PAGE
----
As the previous host of Announcer Kim’s current affairs program, Sun-young advises her to focus on self-improvement since it’s embarrassing for the show’s host to always follow the script and not even know the correct political terms. She advises the announcer to stop imitating her, and leaves her in the bathroom speechless.

Assemblyman Jo’s chief of staff hurriedly looks for him to inform him of the prosecution’s movement, and the news brings a smile to the assemblyman’s face. With the tide in Jo’s favor, Tae-joon and the others only have a couple of hours to stop the interview broadcast and prevent Assemblyman Jo’s announcement to run for party leader.

Tae-joon receives unpleasant news over the phone and leaves the office just as a young man enters. He’s here to interview for the internship position and introduces himself to Hye-won as HAN DO-KYUNG (Kim Dong-joon).

The prosecution has started to search and seize Tae-joon’s home, including his hometown one, and Secretary Lee updates Assemblyman Song on Tae-joon’s predicament. The assemblyman accidentally cuts himself while clipping his nails, and using the clippers as a metaphor, he says that things must stay sharp or they can hurt you. Tossing the clippers aside, Assemblyman Song wipes his blood on Tae-joon’s photograph from his interview.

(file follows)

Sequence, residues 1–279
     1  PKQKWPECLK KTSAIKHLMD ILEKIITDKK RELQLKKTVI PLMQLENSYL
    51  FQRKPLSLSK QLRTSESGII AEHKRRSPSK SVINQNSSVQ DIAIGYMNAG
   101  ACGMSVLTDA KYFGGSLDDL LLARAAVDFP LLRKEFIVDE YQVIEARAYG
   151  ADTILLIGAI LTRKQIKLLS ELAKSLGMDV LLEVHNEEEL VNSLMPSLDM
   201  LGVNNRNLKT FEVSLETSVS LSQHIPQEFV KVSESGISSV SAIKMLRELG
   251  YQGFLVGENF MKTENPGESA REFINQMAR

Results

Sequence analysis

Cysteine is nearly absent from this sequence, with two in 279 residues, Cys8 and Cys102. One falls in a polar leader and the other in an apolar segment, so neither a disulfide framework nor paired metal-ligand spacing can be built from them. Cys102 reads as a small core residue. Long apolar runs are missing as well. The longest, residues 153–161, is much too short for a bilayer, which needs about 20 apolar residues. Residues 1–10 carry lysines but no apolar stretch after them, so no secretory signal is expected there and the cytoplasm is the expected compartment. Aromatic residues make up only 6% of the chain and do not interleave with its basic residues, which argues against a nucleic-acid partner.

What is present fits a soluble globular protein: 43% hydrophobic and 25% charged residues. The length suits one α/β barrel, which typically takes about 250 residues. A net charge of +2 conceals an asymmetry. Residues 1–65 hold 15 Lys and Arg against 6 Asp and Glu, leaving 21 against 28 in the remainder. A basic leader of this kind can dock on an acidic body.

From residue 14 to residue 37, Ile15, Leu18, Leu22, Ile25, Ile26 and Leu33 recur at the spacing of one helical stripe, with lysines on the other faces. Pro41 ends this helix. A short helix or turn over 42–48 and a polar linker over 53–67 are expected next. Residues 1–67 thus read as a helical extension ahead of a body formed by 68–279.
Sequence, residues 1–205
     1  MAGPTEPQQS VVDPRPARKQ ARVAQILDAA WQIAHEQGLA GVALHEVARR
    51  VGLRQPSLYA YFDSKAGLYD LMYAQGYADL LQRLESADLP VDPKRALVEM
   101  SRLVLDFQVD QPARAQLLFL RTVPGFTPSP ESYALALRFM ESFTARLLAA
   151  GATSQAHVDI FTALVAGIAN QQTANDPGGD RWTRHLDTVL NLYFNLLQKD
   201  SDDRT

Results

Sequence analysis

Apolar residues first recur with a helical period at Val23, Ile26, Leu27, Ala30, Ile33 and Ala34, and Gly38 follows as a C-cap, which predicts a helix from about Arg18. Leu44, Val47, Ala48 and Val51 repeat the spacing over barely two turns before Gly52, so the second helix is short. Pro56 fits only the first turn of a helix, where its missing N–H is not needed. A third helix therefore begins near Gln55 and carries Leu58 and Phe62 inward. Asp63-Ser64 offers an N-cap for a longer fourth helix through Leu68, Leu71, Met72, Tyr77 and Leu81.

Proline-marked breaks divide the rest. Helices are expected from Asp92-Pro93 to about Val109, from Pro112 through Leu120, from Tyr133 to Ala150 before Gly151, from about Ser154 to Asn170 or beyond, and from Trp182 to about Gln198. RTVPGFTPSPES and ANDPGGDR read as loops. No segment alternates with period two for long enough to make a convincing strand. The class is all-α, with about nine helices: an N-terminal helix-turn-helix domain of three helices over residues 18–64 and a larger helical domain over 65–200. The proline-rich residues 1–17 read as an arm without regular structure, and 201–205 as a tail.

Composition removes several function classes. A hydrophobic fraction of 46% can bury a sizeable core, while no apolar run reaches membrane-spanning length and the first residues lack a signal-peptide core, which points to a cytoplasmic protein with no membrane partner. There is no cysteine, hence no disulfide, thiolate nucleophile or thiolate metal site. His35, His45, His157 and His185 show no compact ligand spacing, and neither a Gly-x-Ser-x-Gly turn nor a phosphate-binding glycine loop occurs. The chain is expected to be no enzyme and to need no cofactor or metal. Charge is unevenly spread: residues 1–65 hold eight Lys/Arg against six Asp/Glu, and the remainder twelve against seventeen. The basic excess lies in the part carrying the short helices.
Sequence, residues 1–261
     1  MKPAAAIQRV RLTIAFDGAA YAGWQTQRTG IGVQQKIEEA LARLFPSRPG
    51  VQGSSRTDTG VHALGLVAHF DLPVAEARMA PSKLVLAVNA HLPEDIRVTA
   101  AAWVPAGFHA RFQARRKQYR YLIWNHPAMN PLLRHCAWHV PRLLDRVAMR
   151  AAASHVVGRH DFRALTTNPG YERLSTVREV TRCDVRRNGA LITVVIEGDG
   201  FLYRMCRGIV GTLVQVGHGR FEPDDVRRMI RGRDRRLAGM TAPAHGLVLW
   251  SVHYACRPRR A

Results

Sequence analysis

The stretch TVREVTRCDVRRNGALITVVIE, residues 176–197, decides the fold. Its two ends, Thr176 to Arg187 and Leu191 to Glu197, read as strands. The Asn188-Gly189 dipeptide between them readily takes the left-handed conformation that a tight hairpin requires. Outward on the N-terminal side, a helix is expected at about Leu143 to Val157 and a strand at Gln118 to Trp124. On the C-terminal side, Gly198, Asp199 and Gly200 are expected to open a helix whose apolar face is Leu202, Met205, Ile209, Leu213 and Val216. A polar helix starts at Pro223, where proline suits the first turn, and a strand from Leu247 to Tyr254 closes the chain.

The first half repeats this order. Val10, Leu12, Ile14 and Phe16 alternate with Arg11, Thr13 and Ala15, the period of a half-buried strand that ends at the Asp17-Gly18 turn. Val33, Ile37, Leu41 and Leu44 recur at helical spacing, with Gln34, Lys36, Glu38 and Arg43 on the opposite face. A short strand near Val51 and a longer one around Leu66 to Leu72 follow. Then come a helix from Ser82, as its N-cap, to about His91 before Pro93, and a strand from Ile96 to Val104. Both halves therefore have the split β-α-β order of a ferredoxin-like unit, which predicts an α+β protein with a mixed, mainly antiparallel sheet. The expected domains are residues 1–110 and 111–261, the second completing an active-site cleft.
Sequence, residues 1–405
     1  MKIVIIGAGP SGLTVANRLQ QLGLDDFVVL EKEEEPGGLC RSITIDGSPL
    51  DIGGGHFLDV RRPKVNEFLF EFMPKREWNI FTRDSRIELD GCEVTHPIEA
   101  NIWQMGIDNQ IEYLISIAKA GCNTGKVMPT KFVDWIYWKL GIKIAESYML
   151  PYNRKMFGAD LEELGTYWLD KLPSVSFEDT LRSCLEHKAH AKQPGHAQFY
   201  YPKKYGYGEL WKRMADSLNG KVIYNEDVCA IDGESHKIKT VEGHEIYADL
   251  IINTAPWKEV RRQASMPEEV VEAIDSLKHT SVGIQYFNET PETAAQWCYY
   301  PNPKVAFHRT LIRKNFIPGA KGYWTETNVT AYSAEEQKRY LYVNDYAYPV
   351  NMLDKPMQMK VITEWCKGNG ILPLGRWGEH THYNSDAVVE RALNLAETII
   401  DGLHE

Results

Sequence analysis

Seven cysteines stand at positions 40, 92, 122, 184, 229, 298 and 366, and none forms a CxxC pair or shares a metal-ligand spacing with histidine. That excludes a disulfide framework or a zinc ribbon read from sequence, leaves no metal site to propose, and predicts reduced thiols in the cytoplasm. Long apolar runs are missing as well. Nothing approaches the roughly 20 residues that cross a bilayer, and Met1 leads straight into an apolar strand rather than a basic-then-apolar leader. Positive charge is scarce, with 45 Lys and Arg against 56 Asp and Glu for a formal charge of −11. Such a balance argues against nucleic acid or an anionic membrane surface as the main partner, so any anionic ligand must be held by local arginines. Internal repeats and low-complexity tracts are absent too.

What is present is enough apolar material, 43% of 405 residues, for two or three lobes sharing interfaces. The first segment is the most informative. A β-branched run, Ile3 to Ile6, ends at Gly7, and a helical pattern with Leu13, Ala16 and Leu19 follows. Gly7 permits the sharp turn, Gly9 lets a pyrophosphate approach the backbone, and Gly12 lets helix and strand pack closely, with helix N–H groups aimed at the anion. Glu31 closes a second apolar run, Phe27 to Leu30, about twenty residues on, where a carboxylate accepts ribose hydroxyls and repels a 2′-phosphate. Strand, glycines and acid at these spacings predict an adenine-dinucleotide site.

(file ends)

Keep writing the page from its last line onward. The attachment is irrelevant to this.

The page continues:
Do-kyung waits in the office for his interview and explains to Secretary Noh that the assemblyman set the date himself. He asks about Tae-joon’s whereabouts since he’s a huge fan, and even takes out Tae-joon’s interview and recites his life motto from memory. Though Secretary Noh is less than impressed, Hye-won smiles at his earnestness.

Tae-joon arrives at his father’s place which has been ransacked by the prosecution, and he runs to his father’s side when his father hurts himself while cleaning. Both clearly resent the other with Tae-joon’s father loathing him for giving up his successful career as a police officer to become a politician’s lackey while Tae-joon blames his father for using his mother’s surgery money to run for office. Despite the animosity, neither side can cut ties as Tae-joon worries about his father’s injury, and his father retrieves Tae-joon’s old uniform from the trash.

News travels fast, and Sun-young calls Tae-joon to ask if he’ll be alright. Receiving a text, Tae-joon tells Sun-young that she should be worried about Assemblyman Jo instead of him. After getting a document from his police junior, Tae-joon takes it directly to the prosecution, and his audacity has the prosecutor exasperated.